The main goal of this study was to determine whether machine learning and fMRI could help to differentiate, at an individual level, healthy adolescent offspring at genetic risk for bipolar disorder and other Axis I psychiatric disorders from healthy adolescents at low risk of developing bipolar disorder or other Axis I psychiatric disorders. We also investigated whether the predictive probability of those healthy at-risk adolescents who subsequently developed a future psychiatric illness were statistically different from the predictive probability of those at-risk adolescents who did not develop such a disorder in longitudinal clinical follow up. Our findings indicate that machine learning combined with fMRI helped to discriminate healthy low-risk control adolescents from healthy adolescents at genetic risk of future psychiatric disorders. Our findings also indicate that the magnitude of the predictive probabilities for group classification that were derived from these techniques could potentially be used as a score to predict which at-risk adolescents subsequently went on to develop an Axis I psychiatric disorder, namely mood and anxiety disorders.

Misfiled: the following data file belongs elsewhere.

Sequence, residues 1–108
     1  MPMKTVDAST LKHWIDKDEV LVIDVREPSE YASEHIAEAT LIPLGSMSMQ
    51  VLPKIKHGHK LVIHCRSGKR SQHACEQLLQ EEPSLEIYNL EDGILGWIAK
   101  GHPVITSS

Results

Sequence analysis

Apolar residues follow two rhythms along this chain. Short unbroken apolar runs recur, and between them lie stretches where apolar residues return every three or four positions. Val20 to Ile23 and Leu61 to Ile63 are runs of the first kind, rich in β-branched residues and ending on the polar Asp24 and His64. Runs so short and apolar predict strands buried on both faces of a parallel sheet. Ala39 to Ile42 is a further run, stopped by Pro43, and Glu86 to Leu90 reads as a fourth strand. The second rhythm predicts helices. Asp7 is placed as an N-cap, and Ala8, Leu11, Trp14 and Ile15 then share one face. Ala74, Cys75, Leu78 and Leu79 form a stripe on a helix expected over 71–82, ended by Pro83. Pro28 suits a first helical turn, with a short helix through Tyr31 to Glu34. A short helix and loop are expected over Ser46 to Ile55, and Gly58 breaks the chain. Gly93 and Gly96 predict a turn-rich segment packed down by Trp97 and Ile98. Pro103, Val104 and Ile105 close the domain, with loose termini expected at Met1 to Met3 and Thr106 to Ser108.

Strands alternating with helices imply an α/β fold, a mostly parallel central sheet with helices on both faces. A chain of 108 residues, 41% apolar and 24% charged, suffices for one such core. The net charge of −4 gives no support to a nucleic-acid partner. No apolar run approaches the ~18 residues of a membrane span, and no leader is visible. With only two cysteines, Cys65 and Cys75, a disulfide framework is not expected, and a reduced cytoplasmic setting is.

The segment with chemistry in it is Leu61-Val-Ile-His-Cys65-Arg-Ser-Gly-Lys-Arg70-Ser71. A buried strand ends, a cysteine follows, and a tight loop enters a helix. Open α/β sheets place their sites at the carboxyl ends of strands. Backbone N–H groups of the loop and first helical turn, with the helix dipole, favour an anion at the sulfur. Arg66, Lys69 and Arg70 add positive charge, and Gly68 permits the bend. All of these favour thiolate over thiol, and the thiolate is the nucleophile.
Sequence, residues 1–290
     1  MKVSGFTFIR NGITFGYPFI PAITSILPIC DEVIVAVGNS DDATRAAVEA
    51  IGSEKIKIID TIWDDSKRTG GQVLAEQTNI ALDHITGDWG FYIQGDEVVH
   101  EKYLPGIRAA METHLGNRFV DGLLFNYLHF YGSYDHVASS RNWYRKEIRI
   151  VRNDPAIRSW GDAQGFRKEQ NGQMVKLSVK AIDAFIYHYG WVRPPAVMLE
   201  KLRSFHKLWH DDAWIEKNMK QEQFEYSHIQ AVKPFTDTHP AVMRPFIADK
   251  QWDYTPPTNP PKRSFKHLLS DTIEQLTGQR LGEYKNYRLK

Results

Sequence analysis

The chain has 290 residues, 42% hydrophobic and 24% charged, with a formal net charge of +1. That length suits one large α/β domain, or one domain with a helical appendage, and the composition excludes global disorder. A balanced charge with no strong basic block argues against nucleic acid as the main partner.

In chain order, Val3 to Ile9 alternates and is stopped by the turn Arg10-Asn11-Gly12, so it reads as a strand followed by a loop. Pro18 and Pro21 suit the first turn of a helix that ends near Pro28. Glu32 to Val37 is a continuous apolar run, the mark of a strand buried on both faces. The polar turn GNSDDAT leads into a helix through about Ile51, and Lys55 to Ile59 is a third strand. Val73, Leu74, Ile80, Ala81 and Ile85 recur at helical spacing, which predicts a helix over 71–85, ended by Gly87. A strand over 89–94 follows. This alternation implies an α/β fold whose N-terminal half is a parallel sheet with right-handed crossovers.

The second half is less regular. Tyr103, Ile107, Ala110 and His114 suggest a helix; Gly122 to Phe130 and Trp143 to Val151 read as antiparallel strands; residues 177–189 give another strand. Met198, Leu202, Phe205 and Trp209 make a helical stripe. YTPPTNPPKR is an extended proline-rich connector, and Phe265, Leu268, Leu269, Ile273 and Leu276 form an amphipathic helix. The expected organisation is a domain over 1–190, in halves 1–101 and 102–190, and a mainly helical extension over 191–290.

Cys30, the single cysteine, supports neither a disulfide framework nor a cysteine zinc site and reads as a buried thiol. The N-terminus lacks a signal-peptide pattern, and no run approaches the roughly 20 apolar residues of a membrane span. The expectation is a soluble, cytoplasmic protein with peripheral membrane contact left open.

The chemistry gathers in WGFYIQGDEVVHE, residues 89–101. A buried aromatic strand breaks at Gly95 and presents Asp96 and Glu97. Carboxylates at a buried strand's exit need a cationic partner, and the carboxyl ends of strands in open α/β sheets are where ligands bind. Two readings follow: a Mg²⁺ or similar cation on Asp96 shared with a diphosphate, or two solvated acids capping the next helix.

The advantage of pattern recognition techniques such as the one we employed in the present study is that they provide information at the individual – rather than the group - level (GPC based on whole brain neuroimaging data). Specifically, our findings from GPC indicate that we can make predictions at the individual level considering the discrimination between who are genetically at risk from who are not. Furthermore, ROC analysis with predictive probabilities derived from GPC suggests that pattern recognition techniques such as GPC have the potential in the future to help identify which at-risk adolescents are most likely to develop future Axis I disorders.

Recent studies demonstrated the utility of pattern recognition approaches in helping with classification of different psychiatric disorders, including Alzheimer's diseases and autism [8], [9]. One study [20] evaluated early recognition and disease prediction using multivariate pattern classification, and demonstrated that this approach could be used to predict transition to psychosis. Until now, however, it was unknown whether the method could distinguish completely asymptomatic, genetically at-risk individuals from healthy, low-risk individuals.